C<0> should be zero during normal DAC operation. C<0>=1 is a power-down flag. If C<0>=1, M<7>, M<6>, and
M<5> indicate a powerdown operation as shown in Table 6.
Table 5. Control Byte Functionality
C<7>
C<6>
C<5>
C<4>
C<3>
Load1 Load0
C<2>
C<1>
Brcsel
C<0>
M<7>
M<6>
M<5>
PD0
MSB
MSB-1
MSB-2...LSB
DAC8571 FUNCTION
0
0
0
0
0
0
0
0
Data
Write temporary register with data
0
0
0
0
0
0
0
1
See Table 6
0
0
0
1
0
0
0
0
Data
0
0
0
1
0
0
0
1
See Table 6
0
0
1
0
0
0
0
0
x
Update DAC with temporary register
data or power down
x
Load all DACs, all devices with temporary register data
Load all DACs, all devices with data
Write temporary register with power
down command
Write temporary register and load
DAC with data
Power down DAC
Broadcast Commands
x
x
1
1
x
0
x
x
x
x
1
1
x
1
x
0
Data
x
x
1
1
x
1
x
1
See Table 6
Power down all DACs, all devices
Most Significant Byte
Most Significant Byte M<7:0> consists of 8 most significant bits of D/A conversion data. When C<0>=1. M<7>,
M<6>, M<5> indicate a powerdown operation as shown in Table 6.
Least Significant Byte
Least Significant Byte L<7:0> consists of the 8 least significant bits of D/A conversion data. DAC8571 updates at
the falling edge of the acknowledge signal that follows the L<0> bit.
Data Transmit and Read-Back
I2C bus can be noisy and data integrity and can be a problem in a system of many I2C devices. To enable I2C
system verification, DAC8571 provides read back capability for the user. During read back operation, the
contents of the control byte, MS byte and the LS byte can be sent back to the master device using the I2C bus.
This read-back function is also useful if a device on the I2C bus inquires DAC8571 data.
For read-back operation, the master device sends the I2C address and sets the R/W bit. DAC8571
acknowledges. Then, upon the receipt of clock pulses from the master, DAC8571 sends the MS byte. If the
master acknowledges, DAC8571 sends the LS byte. If the master acknowledges, DAC8571 sends the control
byte. This sequence is interrupted by the master sending a not acknowledge signal.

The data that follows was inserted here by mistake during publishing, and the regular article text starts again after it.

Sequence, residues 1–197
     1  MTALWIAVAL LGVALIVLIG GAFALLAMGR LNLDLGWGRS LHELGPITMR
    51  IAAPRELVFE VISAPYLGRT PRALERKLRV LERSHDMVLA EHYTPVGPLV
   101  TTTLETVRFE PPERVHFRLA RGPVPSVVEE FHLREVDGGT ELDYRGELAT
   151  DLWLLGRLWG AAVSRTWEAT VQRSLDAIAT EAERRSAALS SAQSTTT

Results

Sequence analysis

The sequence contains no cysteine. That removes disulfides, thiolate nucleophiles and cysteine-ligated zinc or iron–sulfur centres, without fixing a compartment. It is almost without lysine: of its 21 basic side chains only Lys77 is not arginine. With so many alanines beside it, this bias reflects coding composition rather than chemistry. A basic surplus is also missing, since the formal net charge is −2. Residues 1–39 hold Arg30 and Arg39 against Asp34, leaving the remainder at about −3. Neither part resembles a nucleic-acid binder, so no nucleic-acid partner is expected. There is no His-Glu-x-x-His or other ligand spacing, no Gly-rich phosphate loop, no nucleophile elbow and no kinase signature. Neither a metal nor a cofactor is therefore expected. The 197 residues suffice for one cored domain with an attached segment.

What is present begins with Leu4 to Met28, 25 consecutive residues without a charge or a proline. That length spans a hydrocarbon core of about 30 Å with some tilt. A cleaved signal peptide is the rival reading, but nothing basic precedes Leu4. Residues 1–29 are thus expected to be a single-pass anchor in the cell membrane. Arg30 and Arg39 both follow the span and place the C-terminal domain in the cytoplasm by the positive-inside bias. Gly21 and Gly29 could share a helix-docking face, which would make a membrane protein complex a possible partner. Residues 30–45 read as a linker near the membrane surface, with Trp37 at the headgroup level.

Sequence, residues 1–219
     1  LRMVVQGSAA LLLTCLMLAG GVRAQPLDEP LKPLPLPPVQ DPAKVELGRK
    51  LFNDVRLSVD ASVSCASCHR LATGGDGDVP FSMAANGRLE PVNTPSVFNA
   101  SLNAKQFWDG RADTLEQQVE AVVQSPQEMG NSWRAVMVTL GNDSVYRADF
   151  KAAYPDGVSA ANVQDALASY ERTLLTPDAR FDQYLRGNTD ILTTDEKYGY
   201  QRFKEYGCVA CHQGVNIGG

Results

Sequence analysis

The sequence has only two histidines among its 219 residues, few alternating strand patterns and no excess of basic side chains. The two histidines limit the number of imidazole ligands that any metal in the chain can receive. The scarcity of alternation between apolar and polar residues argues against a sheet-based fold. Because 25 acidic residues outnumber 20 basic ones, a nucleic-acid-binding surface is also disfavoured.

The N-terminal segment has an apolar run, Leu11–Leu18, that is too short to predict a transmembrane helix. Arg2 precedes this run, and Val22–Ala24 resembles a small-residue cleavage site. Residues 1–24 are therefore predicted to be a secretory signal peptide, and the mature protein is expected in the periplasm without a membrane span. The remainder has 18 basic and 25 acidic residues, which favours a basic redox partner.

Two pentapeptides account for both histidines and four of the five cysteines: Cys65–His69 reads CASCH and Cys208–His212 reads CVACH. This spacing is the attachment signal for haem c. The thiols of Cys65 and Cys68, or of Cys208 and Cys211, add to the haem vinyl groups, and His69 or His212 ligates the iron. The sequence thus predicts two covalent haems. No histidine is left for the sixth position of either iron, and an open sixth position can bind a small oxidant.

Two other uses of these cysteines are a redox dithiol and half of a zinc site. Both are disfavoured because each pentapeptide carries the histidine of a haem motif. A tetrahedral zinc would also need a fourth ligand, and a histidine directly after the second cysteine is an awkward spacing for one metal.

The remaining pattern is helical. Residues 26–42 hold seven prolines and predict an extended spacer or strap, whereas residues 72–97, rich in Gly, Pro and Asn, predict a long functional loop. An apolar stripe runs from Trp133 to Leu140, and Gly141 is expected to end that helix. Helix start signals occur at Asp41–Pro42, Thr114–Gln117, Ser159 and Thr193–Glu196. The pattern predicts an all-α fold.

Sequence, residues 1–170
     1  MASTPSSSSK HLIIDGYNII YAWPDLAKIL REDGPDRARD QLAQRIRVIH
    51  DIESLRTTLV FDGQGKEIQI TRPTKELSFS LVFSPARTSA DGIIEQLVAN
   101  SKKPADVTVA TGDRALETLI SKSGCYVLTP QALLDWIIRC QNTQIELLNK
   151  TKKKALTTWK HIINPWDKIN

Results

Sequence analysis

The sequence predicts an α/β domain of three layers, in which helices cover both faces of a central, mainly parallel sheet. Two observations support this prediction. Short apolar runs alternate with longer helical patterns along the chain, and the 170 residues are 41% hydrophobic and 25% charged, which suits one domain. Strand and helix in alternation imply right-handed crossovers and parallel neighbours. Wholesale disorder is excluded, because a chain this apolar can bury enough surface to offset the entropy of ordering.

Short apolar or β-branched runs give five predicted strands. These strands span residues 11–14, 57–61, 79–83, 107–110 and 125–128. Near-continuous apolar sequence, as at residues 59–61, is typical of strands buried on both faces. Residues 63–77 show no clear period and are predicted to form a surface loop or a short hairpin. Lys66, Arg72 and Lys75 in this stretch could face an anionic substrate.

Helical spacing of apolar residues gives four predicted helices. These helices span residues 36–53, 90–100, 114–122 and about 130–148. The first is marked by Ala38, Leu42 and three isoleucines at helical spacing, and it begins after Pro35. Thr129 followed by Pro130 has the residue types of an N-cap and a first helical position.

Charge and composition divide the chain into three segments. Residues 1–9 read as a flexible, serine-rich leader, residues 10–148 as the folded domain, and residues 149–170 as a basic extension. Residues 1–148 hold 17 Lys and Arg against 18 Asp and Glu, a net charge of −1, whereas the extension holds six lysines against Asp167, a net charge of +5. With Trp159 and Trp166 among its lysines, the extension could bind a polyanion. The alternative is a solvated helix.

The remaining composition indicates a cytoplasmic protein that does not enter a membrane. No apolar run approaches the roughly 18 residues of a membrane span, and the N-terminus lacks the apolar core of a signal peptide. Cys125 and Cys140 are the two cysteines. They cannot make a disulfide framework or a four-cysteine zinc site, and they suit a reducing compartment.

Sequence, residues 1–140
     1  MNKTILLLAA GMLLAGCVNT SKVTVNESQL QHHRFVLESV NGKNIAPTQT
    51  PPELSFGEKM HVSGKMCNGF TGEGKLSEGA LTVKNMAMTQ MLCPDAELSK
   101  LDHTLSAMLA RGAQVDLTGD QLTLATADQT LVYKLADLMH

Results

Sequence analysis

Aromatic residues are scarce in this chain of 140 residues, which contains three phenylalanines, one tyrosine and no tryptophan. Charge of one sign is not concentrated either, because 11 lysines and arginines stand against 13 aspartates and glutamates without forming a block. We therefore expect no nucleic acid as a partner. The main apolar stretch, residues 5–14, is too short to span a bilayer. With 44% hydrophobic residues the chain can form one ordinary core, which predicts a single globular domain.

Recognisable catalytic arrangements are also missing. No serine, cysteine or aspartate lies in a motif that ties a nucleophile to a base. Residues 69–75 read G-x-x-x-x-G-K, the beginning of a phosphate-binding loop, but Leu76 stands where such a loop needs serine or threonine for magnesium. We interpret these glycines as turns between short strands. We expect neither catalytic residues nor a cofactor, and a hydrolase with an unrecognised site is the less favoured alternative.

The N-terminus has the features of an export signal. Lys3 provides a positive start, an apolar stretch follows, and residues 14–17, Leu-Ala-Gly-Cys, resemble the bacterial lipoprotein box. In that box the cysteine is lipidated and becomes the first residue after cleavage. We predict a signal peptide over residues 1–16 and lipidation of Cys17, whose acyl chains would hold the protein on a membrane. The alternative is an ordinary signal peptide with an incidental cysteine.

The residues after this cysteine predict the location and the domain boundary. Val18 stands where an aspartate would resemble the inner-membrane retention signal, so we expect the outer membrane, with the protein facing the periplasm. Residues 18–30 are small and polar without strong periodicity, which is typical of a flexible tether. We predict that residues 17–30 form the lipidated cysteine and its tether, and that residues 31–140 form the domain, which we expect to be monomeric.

Depending on the contents of the control byte transmitted by the DAC8571, the MS byte and LS byte information
(transmitted by the DAC8571) is interpreted as follows:
C<5>
C<4>
C<2>
0
0
0
20
MS and LS bytes represent temporary register data
DAC8571
www.ti.com
SLAS373A – DECEMBER 2002 – REVISED JULY 2003
C<5>
C<4>
C<2>
0
1
0
MS and LS bytes represent temporary and DAC register data
1
0
0
MS and LS bytes represent I2C data that is discarded
1
1
0
MS and LS bytes represent I2C data that is discarded
1
1
1
MS and LS bytes represent temporary and DAC register data
EXAMPLES (A0 TIED TO GND, VDD = 5 V)
EXAMPLE 1: Write 1/4 scale to DAC8571
ADDRESS <7...0>
START
1001 1000
C<7...0>
ACK
0001 0000
M<7...0>
ACK
0100 0000
L<7...0>
ACK
0000 0000
Previous output voltage is valid
ACK
STOP
Vout = 1.25 V
EXAMPLE 2: Switch DAC8571 to fast settling mode
ADDRESS <7...0>
START
1001 1000
C<7...0>
ACK
0001 0001
M<7...0>
ACK
0010 0000
L<7...0>
ACK
0000 0000
Previous output voltage is valid
ACK
STOP
Vout = 0 V
EXAMPLE 3: Switch DAC8571 back to low power mode
ADDRESS <7...0>
START
1001 1000
C<7...0>
ACK
0001 0001
M<7...0>
ACK
0000 0000
L<7...0>
ACK
0000 0000
Previous output voltage is valid
ACK
STOP
Vout = 0 V
EXAMPLE 4: Power-down DAC8571 with Hi-Z output
ADDRESS <7...0>
START
1001 1000
C<7...0>
ACK
0001 0001
M<7...0>
ACK
1100 0000
L<7...0>
ACK
0000 0000
Previous output voltage is valid
ACK
STOP
Vout = Hi-Z
EXAMPLE 5: Power-down DAC8571 with 1K output impedance to ground